• FIG. 3 shows plots of Total and type II collagen from the C-ABC treatment example. Total collagen was significantly increased following C-ABC treatment at 4 wks (* significantly different from control, p<0.05). Additionally, collagen type II has also been shown to significantly increase.
  • FIG. 4 shows a plot of construct stiffness and permeability from the C-ABC treatment example. The aggregate modulus (HA) of C-ABC treated constructs recovered to be equivalent to untreated constructs at 4 wks. Permeability (k) at 4 wks was significantly decreased with C-ABC treatment (*,† significantly different from control at respective time point, p<0.05).
  • FIG. 5 shows a plot of tensile modulus and ultimate tensile strength from the C-ABC treatment example. Both the apparent Young's modulus (EY) and ultimate tensile strength (UTS) were significantly increased (47 and 78% at 4 wks, respectively) following C-ABC treatment at both time points studied (*,† significantly different from control at respective time point, p<0.05).
  • FIG. 6 shows that HP treatment significantly increases aggregate modulus (HA) and Young's modulus (EY). Parallel increases in GAG/WW and collagen/WW were found. No differences were found in construct gross morphology or cellularity. Collagen II production was seen, with no collagen I production when immunohistochemistry was performed. No differences were found between the two control groups (i.e., between those bagged but not subject to pressure and those kept in Petri dishes).
  • FIG. 7 shows that HP application was found to be a significant factor in affecting HA, EY, GAG/WW, and collagen/WW. HP application from 10-14 days had greatest effect on construct properties. With HP application, 2.4-fold higher HA, 1.4-fold higher GAG/WW, 1.6-fold higher EY, and 1.4-fold higher collagen/WW were found.
  • FIG. 8 shows a plot of construct wet weight at 2 weeks (FIG. 8 a) and 4 weeks (FIG. 8 b), which was found to increase with application of direct compression.
  • FIG. 9 shows a plot of construct thickness at 2 weeks (FIG. 9 a) and 4 weeks (FIG. 9 b), which was found to increase with application of direct compression.
  • FIG. 10 shows a plot of construct stiffness, as indicated by the aggregate modulus (HA), which was found to increase significantly with application of direct compression.
  • FIG. 11 shows that the combination of treatment with HP and TGF-131 resulted in a synergistic positive effect on collagen per WW and Young's modulus over controls.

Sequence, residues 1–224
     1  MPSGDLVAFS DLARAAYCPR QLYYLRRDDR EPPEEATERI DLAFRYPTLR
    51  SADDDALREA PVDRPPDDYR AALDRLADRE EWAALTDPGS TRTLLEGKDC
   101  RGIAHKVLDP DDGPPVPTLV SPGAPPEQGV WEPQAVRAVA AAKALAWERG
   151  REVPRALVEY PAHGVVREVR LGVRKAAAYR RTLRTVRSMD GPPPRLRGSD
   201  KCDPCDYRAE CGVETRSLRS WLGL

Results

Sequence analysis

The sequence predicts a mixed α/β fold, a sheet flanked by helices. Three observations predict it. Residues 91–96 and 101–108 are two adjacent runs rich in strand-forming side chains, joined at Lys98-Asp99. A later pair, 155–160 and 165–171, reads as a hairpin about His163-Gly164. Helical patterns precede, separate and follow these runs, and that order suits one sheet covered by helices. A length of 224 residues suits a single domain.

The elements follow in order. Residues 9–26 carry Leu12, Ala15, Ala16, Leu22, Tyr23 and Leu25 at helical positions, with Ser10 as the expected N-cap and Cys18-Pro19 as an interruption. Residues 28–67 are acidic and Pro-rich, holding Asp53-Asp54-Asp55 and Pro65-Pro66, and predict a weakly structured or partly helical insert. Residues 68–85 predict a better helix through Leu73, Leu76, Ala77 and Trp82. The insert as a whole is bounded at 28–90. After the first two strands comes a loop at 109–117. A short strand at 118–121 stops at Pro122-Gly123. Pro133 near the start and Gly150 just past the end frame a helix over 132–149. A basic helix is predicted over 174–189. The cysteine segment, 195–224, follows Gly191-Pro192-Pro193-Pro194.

• The patent or application file contains at least one drawing executed in color. Copies of this patent or patent application publication with color drawing(s) will be provided by the Office upon request and payment of the necessary fee.
  • While the present disclosure is susceptible to various modifications and alternative forms, specific example embodiments have been shown in the figures and are described in more detail below. It should be understood, however, that the description of specific example embodiments is not intended to limit the invention to the particular forms disclosed, but on the contrary, this disclosure is to cover all modifications and equivalents as illustrated, in part, by the appended claims.
  • DESCRIPTION
  • The present disclosure, in certain embodiments, relates generally to methods of fabricating tissue engineered constructs. In particular, the present disclosure, in certain embodiments, relates to improved methods of fabricating tissue-engineered cartilage.
  • In certain embodiments, the present disclosure provides a method of fabricating a tissue-engineered cartilage construct comprising providing a cell sample comprising a plurality of chondrocytes, culturing the cell sample to produce a tissue-engineered cartilage construct, and treating the tissue-engineered cartilage construct, wherein treating the tissue-engineered cartilage construct comprises the use of a biochemical reagent, a mechanical force, hydrostatic pressure, or any combination thereof.